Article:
You can see in each column of this contingency table, there are some differences in numbers for each grade in the ‘yes’ and ‘no’ groups. The purpose of the chi-squared test, in this case, is to know if these differences are by chance or the difference is statistically significant.
Null hypothesis: Two variables (ParentAnsweringSurvey and GradeID) are not correlated. They are independent.
To begin this test we need to start by calculating the expected values. What is the expected value?
The expected value is the value that is expected if the null hypothesis is true.
Here I am showing the calculation of two expected values for example:
The expected value for G-02 when ‘Parent Answering Survey’ is ‘no’ where original value is 74:
e02(no) = (210*147)/480 = 64.31
Here, 480 is the total count as shown in the table above.
Here is another example. The expected value of G-08 when ‘Parent Answering Survey’ is ‘yes’ where the original value is 77:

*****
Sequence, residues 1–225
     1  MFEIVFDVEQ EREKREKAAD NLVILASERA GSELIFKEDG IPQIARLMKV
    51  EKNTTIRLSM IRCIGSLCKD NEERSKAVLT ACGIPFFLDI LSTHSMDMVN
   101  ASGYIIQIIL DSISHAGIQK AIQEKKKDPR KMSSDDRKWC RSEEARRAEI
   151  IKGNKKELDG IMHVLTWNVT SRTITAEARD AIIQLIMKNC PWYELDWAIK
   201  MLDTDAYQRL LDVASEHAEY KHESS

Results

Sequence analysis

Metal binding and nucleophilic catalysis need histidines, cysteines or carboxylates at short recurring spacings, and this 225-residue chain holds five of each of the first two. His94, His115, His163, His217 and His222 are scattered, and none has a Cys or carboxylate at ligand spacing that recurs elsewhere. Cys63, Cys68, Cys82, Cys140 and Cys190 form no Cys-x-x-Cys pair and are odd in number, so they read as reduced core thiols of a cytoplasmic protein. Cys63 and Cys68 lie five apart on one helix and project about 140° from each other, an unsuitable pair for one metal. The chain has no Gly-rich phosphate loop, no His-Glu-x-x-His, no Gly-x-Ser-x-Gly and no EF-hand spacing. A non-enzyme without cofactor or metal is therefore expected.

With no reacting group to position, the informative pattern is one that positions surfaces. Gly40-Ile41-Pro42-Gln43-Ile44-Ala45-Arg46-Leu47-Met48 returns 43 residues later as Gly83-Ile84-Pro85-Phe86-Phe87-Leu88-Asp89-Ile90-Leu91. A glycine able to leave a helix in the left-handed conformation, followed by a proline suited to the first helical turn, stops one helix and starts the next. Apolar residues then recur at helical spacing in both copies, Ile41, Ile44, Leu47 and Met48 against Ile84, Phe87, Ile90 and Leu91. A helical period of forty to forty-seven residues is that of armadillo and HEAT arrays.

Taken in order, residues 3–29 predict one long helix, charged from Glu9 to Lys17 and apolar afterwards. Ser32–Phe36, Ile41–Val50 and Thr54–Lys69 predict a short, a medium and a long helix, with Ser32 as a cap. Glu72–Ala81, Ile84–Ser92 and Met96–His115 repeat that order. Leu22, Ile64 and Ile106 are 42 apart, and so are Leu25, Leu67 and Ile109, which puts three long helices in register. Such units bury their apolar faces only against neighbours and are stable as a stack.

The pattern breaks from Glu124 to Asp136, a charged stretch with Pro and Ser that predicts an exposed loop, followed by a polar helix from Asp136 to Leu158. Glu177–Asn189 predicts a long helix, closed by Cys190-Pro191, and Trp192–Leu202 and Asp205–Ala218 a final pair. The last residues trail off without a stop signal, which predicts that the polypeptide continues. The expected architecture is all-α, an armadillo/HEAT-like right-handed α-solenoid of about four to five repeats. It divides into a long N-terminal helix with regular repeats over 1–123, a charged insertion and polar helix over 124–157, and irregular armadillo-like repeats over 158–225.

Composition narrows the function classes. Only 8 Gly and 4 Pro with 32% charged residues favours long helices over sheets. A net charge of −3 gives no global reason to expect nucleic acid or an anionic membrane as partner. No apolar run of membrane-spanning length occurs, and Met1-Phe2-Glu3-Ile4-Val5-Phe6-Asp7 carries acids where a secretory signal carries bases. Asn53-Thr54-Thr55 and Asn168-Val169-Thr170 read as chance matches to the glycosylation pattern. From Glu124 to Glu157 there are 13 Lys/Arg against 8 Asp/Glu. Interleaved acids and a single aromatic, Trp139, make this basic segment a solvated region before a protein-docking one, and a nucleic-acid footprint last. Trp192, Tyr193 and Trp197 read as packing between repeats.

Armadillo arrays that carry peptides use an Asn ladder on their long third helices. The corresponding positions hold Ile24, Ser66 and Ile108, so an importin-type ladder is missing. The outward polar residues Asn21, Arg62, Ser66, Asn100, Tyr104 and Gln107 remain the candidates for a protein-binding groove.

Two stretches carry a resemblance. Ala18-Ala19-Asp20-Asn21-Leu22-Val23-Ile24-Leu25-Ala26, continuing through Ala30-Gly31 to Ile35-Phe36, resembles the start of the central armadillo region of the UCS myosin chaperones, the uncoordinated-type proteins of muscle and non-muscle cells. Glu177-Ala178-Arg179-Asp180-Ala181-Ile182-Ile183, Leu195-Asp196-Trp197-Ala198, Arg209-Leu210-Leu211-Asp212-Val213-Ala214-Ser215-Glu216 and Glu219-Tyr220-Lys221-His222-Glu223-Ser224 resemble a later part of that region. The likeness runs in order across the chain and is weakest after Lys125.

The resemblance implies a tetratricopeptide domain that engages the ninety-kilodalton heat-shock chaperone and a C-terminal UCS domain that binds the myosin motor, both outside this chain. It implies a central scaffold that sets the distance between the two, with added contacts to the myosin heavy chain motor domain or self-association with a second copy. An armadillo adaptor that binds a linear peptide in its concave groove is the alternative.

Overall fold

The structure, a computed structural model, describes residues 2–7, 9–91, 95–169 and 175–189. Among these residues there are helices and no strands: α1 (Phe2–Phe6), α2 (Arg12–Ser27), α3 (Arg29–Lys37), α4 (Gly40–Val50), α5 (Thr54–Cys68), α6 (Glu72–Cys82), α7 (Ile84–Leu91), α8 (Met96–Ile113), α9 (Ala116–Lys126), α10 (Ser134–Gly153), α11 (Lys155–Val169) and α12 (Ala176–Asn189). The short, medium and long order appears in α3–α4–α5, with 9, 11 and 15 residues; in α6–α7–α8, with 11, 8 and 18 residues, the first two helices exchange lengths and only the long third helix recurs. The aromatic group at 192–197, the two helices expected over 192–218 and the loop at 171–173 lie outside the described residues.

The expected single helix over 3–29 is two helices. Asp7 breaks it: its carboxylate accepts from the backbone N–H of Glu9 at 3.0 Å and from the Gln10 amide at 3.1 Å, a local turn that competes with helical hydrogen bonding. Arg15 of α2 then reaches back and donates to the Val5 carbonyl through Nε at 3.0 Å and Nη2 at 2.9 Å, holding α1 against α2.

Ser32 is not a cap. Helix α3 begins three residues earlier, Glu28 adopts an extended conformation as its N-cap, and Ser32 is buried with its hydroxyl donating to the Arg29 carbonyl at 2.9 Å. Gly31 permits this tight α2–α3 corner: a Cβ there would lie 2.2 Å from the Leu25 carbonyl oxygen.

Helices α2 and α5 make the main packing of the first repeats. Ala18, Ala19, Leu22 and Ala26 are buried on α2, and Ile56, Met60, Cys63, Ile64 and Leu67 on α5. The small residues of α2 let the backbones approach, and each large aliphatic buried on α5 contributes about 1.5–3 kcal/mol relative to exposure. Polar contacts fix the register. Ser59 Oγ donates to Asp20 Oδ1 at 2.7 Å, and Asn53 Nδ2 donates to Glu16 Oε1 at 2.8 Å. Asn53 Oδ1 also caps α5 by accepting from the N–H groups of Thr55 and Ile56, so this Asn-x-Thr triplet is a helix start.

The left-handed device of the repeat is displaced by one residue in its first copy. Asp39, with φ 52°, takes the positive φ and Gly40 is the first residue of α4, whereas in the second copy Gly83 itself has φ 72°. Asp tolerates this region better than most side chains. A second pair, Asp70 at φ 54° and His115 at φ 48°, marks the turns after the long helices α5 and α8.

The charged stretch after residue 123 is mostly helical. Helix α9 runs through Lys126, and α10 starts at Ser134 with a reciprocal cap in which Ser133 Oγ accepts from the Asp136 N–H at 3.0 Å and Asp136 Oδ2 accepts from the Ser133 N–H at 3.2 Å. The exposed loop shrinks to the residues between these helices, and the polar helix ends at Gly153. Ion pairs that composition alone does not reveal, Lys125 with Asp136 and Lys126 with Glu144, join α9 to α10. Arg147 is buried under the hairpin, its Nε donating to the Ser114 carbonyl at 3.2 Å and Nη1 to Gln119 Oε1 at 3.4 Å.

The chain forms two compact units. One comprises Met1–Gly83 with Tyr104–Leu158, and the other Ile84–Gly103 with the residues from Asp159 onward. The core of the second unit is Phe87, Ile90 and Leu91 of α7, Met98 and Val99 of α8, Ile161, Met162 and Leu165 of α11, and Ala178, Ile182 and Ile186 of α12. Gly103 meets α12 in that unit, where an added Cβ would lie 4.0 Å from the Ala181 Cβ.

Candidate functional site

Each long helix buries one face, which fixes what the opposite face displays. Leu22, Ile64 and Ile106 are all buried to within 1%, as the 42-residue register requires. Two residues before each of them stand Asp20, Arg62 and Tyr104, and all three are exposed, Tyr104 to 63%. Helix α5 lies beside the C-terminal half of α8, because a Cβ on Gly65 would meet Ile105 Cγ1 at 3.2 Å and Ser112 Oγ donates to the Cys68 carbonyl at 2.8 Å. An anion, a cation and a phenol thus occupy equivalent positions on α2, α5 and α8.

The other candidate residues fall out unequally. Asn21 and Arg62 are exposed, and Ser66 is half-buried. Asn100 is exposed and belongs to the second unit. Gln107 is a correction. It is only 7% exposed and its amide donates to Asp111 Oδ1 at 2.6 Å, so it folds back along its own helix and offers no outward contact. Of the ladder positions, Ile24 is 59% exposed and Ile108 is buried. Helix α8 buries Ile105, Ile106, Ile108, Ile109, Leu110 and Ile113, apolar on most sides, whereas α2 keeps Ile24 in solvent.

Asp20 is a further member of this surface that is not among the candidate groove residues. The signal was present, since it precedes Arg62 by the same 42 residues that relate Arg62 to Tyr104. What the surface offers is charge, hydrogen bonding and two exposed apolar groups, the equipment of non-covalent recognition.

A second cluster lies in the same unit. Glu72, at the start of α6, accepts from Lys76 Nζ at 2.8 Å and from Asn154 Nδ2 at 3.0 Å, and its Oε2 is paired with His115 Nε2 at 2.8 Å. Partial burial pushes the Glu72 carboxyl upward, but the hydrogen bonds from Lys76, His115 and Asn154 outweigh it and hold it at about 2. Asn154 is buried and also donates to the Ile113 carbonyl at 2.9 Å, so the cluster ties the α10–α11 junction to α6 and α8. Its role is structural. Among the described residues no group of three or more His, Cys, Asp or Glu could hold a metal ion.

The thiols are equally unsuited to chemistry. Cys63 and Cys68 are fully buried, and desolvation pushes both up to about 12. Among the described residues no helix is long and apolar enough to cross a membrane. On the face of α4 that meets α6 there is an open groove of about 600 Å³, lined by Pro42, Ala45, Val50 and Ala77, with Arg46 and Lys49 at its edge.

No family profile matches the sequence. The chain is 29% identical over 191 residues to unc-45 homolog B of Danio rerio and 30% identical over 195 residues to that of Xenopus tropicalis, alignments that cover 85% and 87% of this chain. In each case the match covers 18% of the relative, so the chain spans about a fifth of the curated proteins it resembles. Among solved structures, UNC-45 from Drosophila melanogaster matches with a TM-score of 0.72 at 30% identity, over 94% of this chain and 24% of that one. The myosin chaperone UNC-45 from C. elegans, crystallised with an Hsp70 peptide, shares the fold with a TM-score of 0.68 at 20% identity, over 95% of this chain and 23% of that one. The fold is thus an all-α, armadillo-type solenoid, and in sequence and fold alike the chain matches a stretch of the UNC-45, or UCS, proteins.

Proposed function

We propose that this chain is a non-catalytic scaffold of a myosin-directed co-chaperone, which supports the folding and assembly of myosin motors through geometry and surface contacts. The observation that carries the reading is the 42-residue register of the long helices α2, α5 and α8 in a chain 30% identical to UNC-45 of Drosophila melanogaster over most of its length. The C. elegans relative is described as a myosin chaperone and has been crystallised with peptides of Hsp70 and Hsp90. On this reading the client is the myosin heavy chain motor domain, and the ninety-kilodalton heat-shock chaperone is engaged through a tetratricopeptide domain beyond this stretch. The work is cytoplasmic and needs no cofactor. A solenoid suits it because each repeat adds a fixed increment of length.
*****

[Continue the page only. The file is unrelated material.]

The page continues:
e08(yes) = (270*116)/480 = 65.25
This way we can calculate the expected values for the whole table. Here is the table that shows the expected values for every cell:
Now using the original values from the contingency table and the expected values we can calculate the chi-squared statistics. We need to calculate the chi-square values for each cell and sum them all up. Here I am showing the chi2 test-statistic calculation for the first cell:
ch2_02_no = (74–64.31)²/64.31 = 1.459
In the same way, you can calculate the rest of the cells as well. Here is the complete table:
From the table above, the total is 16.24. So, our chi2 test-statistics is 16.24.